Long-term Rates Higher as the Fed Sits on Its Hands

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Last Week: Long term interest rates traded higher, as global equities largely treaded water near all-time highs, consolidating recent gains. The yield on the benchmark US 10-year note rose 3 basis points to 1.21%, touching its highest level since the start of the pandemic chaos last March. 30-year yields traded just above 2% – their highest since February 2020. The back end of the Treasury yield curve, in particular the difference between 5-year and 30-year Treasury yields – was about 152 basis points, its steepest level in over five years. Conversely, 1-month LIBOR and SOFR drifted near all-time lows. The price of a barrel of West Texas Intermediate crude oil rose 1.25% to $58.05, while the US Dollar and Gold both weakened. Treasury yield volatility, a key driver of the cost of rate caps and swaptions, drifted lower throughout the week.

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Powell suggested the Fed is sidelined for a long while. In an address to the Economic Club of New York, Fed Chair Jerome Powell underlined what the central bank’s new approach to setting monetary policy will be. Powell said the Fed will not consider raising rates until both “broad and inclusive” full employment and core inflation rates sustainably rise above the central bank’s 2% target. Markets anticipate that the Fed will allow the economy to “run hot” for a time, traditionally a supportive backdrop for many risky assets, this has been our view for the past couple of years.  Easier to tame inflation by raising rates than combating deflation.  Powell noted that the official US employment rate, 6.3%, understates the true level of unemployment, which he estimates to be closer to 10% because of millions of citizens not actively looking for work during the pandemic.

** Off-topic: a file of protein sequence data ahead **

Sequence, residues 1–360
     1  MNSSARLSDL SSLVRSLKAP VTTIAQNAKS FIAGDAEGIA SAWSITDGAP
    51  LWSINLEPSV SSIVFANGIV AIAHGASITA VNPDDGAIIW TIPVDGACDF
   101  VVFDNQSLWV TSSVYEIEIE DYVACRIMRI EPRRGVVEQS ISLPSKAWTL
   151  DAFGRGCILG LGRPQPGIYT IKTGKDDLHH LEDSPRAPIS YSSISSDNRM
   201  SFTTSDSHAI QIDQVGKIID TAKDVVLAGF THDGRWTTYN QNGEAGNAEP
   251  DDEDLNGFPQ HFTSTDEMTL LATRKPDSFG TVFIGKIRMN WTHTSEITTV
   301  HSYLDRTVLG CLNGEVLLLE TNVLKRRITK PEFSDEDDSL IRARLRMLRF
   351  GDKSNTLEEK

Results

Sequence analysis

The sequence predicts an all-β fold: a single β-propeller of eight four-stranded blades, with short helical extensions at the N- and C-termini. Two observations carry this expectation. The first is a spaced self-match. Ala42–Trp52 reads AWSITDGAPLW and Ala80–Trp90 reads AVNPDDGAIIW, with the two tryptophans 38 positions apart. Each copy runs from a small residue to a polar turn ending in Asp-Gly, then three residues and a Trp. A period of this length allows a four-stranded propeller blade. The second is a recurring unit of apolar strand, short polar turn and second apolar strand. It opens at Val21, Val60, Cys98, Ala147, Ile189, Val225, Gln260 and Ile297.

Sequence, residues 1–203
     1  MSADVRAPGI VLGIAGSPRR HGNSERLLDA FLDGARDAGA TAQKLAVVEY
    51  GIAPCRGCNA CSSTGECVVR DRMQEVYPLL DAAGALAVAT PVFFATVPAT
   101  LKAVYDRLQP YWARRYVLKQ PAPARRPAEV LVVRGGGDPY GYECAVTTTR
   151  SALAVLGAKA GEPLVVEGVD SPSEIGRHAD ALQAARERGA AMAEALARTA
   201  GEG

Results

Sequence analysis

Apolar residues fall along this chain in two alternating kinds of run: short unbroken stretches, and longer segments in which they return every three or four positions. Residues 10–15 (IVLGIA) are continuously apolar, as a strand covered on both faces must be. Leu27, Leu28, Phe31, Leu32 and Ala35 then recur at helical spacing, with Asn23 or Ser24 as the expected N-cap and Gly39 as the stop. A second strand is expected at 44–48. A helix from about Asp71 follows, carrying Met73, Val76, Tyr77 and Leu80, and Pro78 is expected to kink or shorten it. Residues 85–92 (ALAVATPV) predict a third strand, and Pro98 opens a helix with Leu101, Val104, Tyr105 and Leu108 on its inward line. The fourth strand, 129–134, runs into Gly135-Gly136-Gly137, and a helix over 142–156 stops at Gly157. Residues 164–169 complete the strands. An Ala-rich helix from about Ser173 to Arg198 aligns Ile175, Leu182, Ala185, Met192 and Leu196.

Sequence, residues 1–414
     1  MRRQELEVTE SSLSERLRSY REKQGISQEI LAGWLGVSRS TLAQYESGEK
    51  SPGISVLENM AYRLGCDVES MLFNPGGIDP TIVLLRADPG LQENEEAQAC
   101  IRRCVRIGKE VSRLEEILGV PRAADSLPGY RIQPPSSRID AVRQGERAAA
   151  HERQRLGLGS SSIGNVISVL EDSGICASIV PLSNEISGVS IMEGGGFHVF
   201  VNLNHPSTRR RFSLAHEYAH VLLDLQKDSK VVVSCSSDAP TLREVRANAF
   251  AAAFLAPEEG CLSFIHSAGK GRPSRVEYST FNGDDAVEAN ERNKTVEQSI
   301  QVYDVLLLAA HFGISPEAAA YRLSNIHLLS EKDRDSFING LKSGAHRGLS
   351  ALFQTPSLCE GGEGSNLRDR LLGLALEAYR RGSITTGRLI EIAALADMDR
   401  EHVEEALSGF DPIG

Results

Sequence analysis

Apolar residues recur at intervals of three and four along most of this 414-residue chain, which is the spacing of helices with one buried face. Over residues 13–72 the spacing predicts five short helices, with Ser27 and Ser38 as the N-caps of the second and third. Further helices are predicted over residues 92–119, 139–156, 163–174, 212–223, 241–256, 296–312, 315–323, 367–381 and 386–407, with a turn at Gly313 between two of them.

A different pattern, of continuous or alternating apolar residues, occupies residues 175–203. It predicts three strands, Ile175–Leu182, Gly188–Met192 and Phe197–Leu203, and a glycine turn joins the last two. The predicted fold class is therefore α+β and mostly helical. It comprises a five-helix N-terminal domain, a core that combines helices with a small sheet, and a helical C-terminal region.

Our take: In one of the most coherent and forceful speeches from the Fed Chair we have seen in years; Powell’s words reinforced our belief that the Fed won’t pull back on stimulus – let alone hike interest rates – until it’s clear that the job market has become robust and inclusive. Given last month’s weak jobs report, where the US economy produced a paltry 49k new jobs, it’s going to be a long while before we see the Fed change tact toward easing off the accelerator.

What’s that mean for borrowers? Short term rates will remain anchored near zero for several quarters ahead at a minimum. But long-term interest rates, like the 10-year Treasury yield, could continue to drift higher as the economy slowly but surely recovers and investors further venture out toward riskier investments. What about the risk of inflation spiking due to all this easy money sloshing around the economy and the Fed eventually having to hike rates to combat it? Forget about it for now. The Fed is 100% focused on jobs, plain and simple. As such, keep an eye on weekly jobless claims data, and of course, the monthly jobs report. Buckle up folks, despite some decent jobs gains late last year, there are still nearly 10 million extra unemployed workers. It’s going to be a long struggle to get back to normal.

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Fears of inflation prove misplaced – for now. Fears of a resurgence in US inflation cooled somewhat after the Consumer Price Index rose 0.3% in January from December, in line with expectations, and held steady when stripping out food and energy costs.  What about the US debt versus GDP?  Consider the cost of funds at the moment.  The current 5-year US treasury is at 0.524% and 3-years ago the yield was 2.60%.

Our take: The recent evaporation of inflation in the service sector of the economy over the past several months is particularly pronounced – and noteworthy – as it now stands at the slowest pace in over a decade. It’s a telling signal that the current state of economic slack, as embodied in things like high unemployment and low utilization of America’s industrial capacity, are poised to exert even more downward pressure on inflation for the foreseeable future. Read on for a deeper explanation.